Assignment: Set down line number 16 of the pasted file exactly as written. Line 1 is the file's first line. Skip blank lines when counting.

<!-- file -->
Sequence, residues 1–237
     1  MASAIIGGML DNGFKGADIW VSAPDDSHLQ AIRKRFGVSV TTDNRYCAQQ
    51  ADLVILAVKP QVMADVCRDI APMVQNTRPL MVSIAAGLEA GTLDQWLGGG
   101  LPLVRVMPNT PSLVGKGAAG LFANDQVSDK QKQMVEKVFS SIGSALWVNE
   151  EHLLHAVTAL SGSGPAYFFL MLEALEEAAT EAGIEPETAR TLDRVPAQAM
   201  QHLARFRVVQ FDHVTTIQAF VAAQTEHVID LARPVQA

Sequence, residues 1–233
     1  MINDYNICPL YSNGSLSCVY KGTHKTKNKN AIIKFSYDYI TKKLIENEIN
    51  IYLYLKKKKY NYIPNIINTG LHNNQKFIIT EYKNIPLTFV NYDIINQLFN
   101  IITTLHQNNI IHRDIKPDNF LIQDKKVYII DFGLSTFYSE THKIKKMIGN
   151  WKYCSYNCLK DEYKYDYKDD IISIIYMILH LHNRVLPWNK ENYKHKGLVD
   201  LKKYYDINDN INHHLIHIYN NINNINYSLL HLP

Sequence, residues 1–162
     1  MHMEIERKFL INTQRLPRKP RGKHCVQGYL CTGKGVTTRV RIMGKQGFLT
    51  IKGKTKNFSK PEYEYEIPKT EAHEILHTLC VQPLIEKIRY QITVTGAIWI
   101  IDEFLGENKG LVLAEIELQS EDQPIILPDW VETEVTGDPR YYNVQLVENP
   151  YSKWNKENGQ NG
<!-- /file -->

   101  IDEFLGENKG LVLAEIELQS EDQPIILPDW VETEVTGDPR YYNVQLVENP